The Best Dog Breeds For Families and Kids
A breed described as “merry” by its fanciers, Beagles are loving, happy, and companionable—all qualities that make them excellent family dogs.
Boxers have a history of working alongside humans, so they thrive on interaction and are patient, protective, and playful. If you have young children, teach them to properly interact with larger dogs so that they don’t get unintentionally knocked over.
Golden Retrievers are easy to train and easier to love. They are frequently used as service dogs and thrive on outdoor play.
Labrador Retrievers are loyal, have great temperaments, are easily adaptable, and have good energy levels.
Despite their size, the Newfoundland is famously good with kids. Their sweet temperament is their most important characteristic.
Leonbergers have a gentle nature and serene patience. They relish the companionship of the whole family.
So, create a safeguard by desensitizing your dog to the things kids may do, such as pulling ears and tails, rough petting, and so on. You—not your kids—can, for example, tug your dog’s ear gently and then feed a treat in order to get him used to this handling. Repeat, eventually tugging a bit harder.
The same goes for other things kids are apt to do. Monitor your dog’s body language to be sure he seems happy with the “game,” stopping immediately if he does not. If necessary, go more slowly or gently the next time. Build gradually to the point where your dog has a positive association with the things your kids or visiting kids might do.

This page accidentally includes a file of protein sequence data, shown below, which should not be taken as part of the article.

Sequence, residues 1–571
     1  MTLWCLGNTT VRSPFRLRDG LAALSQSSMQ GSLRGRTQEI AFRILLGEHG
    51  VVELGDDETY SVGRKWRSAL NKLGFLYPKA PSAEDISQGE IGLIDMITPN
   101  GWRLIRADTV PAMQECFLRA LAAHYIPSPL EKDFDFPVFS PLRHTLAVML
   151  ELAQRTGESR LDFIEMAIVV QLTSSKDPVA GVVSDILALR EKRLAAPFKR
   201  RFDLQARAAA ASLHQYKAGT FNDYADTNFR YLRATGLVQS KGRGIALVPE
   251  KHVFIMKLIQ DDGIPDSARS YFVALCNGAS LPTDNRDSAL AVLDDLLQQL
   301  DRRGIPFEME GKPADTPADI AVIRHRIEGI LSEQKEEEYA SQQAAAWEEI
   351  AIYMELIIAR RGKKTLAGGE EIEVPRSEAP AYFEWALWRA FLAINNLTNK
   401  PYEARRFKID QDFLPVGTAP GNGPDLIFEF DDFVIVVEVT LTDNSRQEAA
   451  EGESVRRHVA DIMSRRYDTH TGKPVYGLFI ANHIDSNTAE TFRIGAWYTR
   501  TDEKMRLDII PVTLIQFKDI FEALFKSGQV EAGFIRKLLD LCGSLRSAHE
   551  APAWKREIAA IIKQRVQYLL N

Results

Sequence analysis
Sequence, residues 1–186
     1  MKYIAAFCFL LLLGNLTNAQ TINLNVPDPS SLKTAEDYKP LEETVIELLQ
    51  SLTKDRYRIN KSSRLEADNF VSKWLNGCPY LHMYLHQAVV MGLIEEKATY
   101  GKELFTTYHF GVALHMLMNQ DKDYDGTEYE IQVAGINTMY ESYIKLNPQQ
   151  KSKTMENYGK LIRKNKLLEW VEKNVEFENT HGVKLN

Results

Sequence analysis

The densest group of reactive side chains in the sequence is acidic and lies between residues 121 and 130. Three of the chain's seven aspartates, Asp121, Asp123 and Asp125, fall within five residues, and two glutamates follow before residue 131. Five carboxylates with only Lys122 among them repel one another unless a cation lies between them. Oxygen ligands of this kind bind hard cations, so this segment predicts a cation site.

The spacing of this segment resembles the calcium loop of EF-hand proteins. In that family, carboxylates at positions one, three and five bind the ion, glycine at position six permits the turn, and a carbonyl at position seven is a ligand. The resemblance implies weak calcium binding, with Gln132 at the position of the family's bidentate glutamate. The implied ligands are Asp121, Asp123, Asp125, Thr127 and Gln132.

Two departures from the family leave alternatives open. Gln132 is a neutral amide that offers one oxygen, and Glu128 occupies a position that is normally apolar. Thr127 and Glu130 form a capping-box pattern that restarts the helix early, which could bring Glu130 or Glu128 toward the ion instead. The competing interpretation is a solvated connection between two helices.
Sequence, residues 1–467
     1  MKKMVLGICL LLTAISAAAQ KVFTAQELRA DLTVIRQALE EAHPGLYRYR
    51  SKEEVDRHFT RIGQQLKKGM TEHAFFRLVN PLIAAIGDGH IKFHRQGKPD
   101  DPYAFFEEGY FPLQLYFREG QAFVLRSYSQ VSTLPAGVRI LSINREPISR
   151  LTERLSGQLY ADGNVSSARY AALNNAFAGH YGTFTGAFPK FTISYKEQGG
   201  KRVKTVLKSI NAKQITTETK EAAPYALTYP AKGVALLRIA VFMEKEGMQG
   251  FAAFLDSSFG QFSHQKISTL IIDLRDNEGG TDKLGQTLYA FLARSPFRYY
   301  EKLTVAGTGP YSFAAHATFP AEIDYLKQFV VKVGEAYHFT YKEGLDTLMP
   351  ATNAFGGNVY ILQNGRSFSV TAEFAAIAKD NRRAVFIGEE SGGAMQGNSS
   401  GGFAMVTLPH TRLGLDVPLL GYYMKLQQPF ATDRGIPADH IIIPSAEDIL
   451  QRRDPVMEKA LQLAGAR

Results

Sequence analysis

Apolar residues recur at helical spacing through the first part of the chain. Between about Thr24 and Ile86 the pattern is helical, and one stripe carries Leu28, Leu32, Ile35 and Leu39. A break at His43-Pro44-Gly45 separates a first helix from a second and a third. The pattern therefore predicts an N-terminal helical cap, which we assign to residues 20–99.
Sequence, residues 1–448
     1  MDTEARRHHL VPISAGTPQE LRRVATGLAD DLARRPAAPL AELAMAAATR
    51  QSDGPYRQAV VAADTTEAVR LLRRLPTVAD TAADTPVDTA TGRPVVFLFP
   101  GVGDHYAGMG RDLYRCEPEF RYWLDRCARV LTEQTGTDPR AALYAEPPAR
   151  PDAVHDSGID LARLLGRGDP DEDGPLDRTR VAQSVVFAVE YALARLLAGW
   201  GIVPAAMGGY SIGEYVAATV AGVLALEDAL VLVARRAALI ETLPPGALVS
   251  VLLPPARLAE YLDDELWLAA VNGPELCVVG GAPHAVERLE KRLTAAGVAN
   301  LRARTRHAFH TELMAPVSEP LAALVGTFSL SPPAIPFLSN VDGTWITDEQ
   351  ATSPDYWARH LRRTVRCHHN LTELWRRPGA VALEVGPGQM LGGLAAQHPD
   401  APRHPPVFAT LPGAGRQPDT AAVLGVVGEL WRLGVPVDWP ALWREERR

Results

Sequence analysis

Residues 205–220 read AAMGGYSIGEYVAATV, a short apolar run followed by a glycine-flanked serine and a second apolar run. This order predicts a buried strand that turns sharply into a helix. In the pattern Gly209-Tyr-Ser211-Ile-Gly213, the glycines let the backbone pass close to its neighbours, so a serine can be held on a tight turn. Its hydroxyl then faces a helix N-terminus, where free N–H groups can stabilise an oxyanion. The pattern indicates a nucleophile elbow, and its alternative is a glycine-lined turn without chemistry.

House rules should include never bothering the dog when he’s eating, and not taking his toys or chew bones away. Some dogs come complete with resource guarding issues that need to be addressed, but even if yours doesn’t, it’s all too easy to create one if a dog feels threatened. Another time to leave the dog alone is when he’s sleeping. Some dogs become startled when awakened and may snap. Letting your dog have his space and allowing him to decide whether he wants interaction is very important. When your dog is in his crate, for example, it should be considered his safe spot, and kids should not approach. The same goes for any time your dog is behind or under furniture, or in a corner.
Even the nicest of dogs might bite if he feels sufficiently threatened or cornered. Teach your kids that any time the dog wants to walk away, to let him. You should also share the basics of canine body language. This is a topic I wish was taught in every school, as it would avert countless bites. You need to read this, an illustrated guide on how to read a dog’s body postures.